Updated on 26 September 2012
Are regulatory hurdles in China as massive as its Great Wall?
The domain of biosciences in the Asia Pacific (APAC) region offers several opportunities for companies that are looking for growth in the region. Regulatory approvals are, however, a challenge for these firms in the APAC region. BioSpectrum speaks to industry insiders and regulatory professionals from China, in order to compile a guide on the regulatory processes in the dragon nation. (Also read throughout this week: Regulatory requirements in Taiwan, Australia, Hong Kong, India, Indonesia, Singapore and Korea)
In China, drug and biological products are regulated by the SFDA, which is a counterpart of the US FDA. The Center for Drug Evaluation regulates both drug and biological products in the country.
Marketing authorization of a new drug in China mandates clinical trials with Chinese patients as prerequisite. The applicant has to conduct phase I pharmacokinetic studies together with randomized clinical trial with at least 100 pairs of subjects. Clinical trial application review and approval takes approximately 12 months.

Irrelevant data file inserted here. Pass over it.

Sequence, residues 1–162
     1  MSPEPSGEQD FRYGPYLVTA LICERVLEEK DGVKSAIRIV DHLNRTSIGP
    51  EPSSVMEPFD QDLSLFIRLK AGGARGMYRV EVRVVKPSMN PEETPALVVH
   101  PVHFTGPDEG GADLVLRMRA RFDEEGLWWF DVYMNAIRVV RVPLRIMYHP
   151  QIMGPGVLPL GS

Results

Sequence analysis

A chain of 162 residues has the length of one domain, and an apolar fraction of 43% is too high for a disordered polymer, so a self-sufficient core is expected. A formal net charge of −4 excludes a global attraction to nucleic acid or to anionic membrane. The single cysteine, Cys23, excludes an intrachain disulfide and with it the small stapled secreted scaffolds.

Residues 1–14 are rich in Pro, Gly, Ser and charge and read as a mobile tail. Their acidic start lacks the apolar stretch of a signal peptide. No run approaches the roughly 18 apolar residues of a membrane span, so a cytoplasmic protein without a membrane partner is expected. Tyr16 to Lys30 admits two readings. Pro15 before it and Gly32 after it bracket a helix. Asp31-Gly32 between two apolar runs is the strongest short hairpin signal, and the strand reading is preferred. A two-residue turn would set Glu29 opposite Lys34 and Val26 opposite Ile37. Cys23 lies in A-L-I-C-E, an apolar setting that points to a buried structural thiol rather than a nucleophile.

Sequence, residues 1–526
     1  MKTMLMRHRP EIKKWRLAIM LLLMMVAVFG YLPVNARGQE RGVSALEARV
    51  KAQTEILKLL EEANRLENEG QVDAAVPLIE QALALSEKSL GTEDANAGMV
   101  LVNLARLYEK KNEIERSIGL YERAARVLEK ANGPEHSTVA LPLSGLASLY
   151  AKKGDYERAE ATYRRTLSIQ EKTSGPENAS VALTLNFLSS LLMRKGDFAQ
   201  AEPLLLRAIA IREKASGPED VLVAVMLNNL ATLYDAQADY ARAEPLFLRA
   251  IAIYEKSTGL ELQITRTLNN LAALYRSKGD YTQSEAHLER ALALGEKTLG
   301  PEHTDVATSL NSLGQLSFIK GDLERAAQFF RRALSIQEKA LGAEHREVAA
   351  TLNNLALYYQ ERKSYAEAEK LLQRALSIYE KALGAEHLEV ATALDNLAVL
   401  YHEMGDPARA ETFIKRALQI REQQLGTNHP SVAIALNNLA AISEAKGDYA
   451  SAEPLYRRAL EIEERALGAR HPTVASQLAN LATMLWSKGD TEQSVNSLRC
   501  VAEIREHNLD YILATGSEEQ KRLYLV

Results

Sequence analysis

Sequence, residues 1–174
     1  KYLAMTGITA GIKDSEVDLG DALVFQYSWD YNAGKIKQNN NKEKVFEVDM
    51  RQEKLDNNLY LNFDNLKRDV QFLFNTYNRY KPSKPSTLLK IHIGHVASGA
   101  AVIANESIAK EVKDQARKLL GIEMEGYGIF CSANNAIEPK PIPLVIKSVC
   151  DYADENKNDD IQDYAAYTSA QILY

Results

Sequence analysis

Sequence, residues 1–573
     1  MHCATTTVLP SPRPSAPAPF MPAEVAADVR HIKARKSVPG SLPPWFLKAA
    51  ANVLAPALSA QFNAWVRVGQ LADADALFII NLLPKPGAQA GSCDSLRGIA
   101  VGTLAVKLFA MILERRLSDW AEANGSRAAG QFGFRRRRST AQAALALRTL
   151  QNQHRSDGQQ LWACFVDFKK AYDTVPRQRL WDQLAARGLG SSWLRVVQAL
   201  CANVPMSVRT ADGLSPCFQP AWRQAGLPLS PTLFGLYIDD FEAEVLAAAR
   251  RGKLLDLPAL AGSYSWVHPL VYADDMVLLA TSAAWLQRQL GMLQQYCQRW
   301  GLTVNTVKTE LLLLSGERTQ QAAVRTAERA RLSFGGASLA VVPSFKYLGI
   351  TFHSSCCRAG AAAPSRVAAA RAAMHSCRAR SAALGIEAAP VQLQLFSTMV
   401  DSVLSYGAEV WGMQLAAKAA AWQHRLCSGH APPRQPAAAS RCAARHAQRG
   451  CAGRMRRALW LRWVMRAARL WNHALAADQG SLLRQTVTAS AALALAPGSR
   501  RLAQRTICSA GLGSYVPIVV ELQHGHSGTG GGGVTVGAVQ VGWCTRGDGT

Drug import approval requires availability of marketing authorization outside China, such as certificate of pharmaceutical product from a reference country. Multi-region clinical trials can be started only after the new chemical entity has been tested in phase II outside of China. This prevents China from participating in simultaneous global drug development.
Drug approval in China follows first international new drug application approval. There are two drug registration pathways in China which include new drug application and import drug license. Similarly, there are two clinical development strategies. They are sequential development and parallel development.